Goodnight Saigon Post 3

Ticker Tape parade

Upon returning home from the war, Vietnam veterans were told not to wear their uniform to avoid the ill treatment they may receive. For about seven years after the war had ended this subject was not brought up in pop culture until the early 1980s when musicians began writing songs to show what actually happened to the soldiers during the war. I want to lead my paper in the direction of how soldiers were treated upon returning home from the war and how Billy Joel’s “Goodnight Saigon” helped mend the ties between the veterans and their country.  Many veterans felt abandoned by their country when they returned home, because no one realized what they actually did in Vietnam. In the early 1980s musicians began recognizing what happened in the war and how the soldiers were having a difficult time adapting back to society, but it wasn’t until 1985 that veterans recieved recognition for their service.  In 1985 the United States held a ticker tape parade in New York City for soldiers that served in Vietnam.  This was well received by the veterans as they enjoyed the recognition from the public, but more importantly, seeing old friends they fought beside. The veterans were also given a memorial in the city, a glass wall with names of soldiers that died in the conflict and many that were still missing in action.  This was special for the surviving vets because they were able to see their fallen brothers remembered in some way. I do not think it is coincidence that this recognition happened after musicians began writing songs about the war. I believe that Joel’s “Goodnight Saigon” helped make the public more aware of what the soldiers went through, and helped rebuild the society’s views on the soldiers.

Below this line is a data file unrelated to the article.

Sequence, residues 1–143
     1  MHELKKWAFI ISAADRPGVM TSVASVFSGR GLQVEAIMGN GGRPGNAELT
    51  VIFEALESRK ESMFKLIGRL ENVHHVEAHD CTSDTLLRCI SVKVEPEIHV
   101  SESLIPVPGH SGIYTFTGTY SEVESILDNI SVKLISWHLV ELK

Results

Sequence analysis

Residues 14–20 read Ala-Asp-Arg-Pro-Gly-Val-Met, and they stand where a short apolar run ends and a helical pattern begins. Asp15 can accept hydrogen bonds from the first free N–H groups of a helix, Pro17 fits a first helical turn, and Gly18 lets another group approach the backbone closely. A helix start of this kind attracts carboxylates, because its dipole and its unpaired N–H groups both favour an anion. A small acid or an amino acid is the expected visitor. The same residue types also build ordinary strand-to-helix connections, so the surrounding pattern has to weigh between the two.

http://news.google.com/newspapers?nid=1908&dat=19850507&id=XaAfAAAAIBAJ&sjid=t9UEAAAAIBAJ&pg=6416,3407679

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